Operational History

The first assignment of the B-32 began when General George Kenney the commander of Allied air forces in the South West Pacific Area, and commander of the U.S. Fifth Air Force, traveled to Washington D.C. to request B-29s. Since priority had been given to strategic bombing by the Boeing B-29, Kenney´┐Żs request was denied, after which he requested the B-32.

Following a demonstration, the Army General Staff agreed that Kenney could conduct a combat evaluation, and a test schedule of eleven missions was set up, followed by a plan to convert two of the 312th Bomb Group's four Douglas A-20 Havoc squadrons to B-32s. Project crews took three B-32s to Clark Field, Luzon, Philippine Islands in mid-May 1945, for a series of test flights completed on 17 June. The test crews were impressed with its unique reversible-pitch inboard propellers and the Davis wing which gave it excellent landing performance. However, they found a number of faults: the cockpit had an extremely high noise level, a poor instrument layout, the bombardier's vision was impaired, it was overweight and the nacelle design resulted in frequent engine fires.

Consolidated B-32 Dominator WRG #0016984
B-32 Dominator shortly after its arrival at
Clark Field, Manila, Philippine Islands, May 1945.

[Source: USAF Photo]

The three test B-32s were assigned to the 312th BG's 386th Bomb Squadron. On 29 May 1945, the first of four combat missions by the B-32 was flown against a supply depot at Antatet in the Philippines, followed by two B-32s dropping sixteen 2,000 lb (910 kg) bombs on a sugar mill at Taito, Formosa on the 15th of June. On June 22nd, a B-32 bombed an alcohol plant at Heito, Formosa, with 500 lb (230 kg) bombs, but a second B-32 missed flak positions with its 260 lb (120 kg) fragmentation bombs. The last mission was flown on June 25th against bridges near Kiirun in Taiwan.

The testing missions were mostly successful, and, in July, the 386th Bomb Squadron completed its transition to the B-32, flying six more combat missions before the war ended. On 13 August, the 386th BS moved from Luzon to Yontan Airfield on Okinawa and flew mostly photographic reconnaissance missions. The missions were intended to monitor Japan's compliance with the cease fire and to gather information such as possible routes occupation forces could take into Tokyo. In addition, Rudolph Pugliese, who was the 386th's assistant intelligence officer, said in 1997 that "the photo-recon missions were also intended to test the fidelity of the Japanese... to the terms of the cease-fire." On 17 August, three B-32s in a flight of four were attacked by Japanese flak and fighters. During the two-hour engagement, the Dominators suffered only minor damage and none of their crew were injured. "Though the B-32 gunners later claimed to have damaged one fighter and 'probably destroyed' t wo others, surviving Japanese records list no losses for that day or next." Based on the Japanese action on the 17th, U.S. commanders felt that it was important to continue the reconnaissance missions over Tokyo so they could determine if it was an isolated incident or an indication that Japan would reject the cease-fire and continue fighting.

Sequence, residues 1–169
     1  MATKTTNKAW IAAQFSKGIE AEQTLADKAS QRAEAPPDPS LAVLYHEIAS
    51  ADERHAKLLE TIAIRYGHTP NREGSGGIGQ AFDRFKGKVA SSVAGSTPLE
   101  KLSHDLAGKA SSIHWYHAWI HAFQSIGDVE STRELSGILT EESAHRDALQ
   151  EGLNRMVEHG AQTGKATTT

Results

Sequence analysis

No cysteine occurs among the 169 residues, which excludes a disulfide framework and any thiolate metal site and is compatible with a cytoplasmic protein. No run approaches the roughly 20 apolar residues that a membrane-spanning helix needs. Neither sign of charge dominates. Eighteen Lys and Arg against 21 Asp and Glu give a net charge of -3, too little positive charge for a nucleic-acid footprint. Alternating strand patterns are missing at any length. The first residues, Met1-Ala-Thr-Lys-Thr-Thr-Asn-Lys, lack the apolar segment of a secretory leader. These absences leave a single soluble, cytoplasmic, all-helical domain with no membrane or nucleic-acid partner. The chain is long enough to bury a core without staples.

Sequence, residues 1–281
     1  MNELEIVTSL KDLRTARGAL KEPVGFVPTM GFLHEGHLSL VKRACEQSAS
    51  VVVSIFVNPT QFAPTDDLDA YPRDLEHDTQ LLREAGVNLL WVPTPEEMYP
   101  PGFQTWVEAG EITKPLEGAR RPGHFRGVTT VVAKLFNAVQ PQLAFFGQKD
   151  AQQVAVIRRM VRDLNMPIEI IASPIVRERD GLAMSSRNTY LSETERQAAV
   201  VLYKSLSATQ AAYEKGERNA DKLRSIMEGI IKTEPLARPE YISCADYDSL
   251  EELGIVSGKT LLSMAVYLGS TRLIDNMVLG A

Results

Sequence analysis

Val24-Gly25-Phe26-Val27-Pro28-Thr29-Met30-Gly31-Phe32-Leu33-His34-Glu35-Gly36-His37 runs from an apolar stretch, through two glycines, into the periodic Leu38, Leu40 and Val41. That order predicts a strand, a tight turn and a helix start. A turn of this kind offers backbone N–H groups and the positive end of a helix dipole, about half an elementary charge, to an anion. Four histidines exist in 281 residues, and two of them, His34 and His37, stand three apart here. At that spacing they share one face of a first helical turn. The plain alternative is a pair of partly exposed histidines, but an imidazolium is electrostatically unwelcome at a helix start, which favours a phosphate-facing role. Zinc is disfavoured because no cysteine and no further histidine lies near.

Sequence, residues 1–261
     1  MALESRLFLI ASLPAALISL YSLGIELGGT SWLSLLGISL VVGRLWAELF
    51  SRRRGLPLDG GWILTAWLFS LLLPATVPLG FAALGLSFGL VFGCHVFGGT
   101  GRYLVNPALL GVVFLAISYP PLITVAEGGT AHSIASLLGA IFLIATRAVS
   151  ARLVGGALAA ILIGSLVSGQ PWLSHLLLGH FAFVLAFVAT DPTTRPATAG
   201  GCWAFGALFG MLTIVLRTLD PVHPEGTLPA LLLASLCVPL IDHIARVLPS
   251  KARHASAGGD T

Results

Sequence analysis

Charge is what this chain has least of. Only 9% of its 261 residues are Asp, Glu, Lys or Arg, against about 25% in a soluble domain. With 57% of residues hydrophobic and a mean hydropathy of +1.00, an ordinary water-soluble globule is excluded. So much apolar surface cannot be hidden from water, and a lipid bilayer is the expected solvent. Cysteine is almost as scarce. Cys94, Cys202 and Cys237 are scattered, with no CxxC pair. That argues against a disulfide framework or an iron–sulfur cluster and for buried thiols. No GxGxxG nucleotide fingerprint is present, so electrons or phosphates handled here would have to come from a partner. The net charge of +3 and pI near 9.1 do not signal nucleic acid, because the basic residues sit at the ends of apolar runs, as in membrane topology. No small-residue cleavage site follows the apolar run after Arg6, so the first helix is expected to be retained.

Consolidated B-32 Dominator WRG #0016982
B-32 Dominator/42-108532 'Hobo Queen II' shortly after her arrival at
Clark Field, Manila, Philippine Islands, May 1945.

[Source: USAF Photo]

On 18 August, four Dominators were given the task of photographing many of the targets covered on the previous day; however, mechanical problems caused two to be pulled from the flight. Over Japan, a formation of 14 A6M Zeros and three N1K2-J Shiden-Kai fighters (as is often the case, Shiden-Kai is described as Ki-44 Tojo, but it may be a misunderstanding of the crews) attacked the remaining two U.S. aircraft. Saburo Sakai, a Japanese ace, said later there was concern that the Dominators were attacking. Another Japanese ace, Sadamu Komachi, stated in a 1978 Japanese magazine article that the fighter pilots could not bear to see American bombers flying serenely over a devastated Tokyo. The B-32 Dominator Hobo Queen II (s/n 42-108532) was flying at 20,000 ft (6,100 m) when the Japanese fighters took off and received no significant damage. Hobo Queen II claimed two Zeros destroyed in the action as well as a probable Shiden-Kai. The other Dominator was flying 10,000 f t (3,000 m) below Hobo Queen II when the fighters took off. The fighters heavily damaged that Dominator and seriously wounded two crew members. Photographer Staff Sergeant Joseph Lacharite was wounded in the legs (his recovery required several years). Sergeant Anthony Marchione, a photographer's assistant, helped Lacharite and then was fatally wounded himself. Despite the damage it received, the Dominator was able to return to Okinawa. Marchione was the last American to die in air combat in World War II. On 19 August, propellers were removed from all Japanese fighters as per the terms of the cease fire agreement.

The last B-32 combat photo reconnaissance mission was completed on 28 August, during which two B-32s were destroyed in separate accidents, with 15 of the 26 crewmen killed. On 30 August, the 386th Bomb Squadron stood down from operations. Production of the B-32 was cancelled on 8 September 1945, and ceased by 12 October.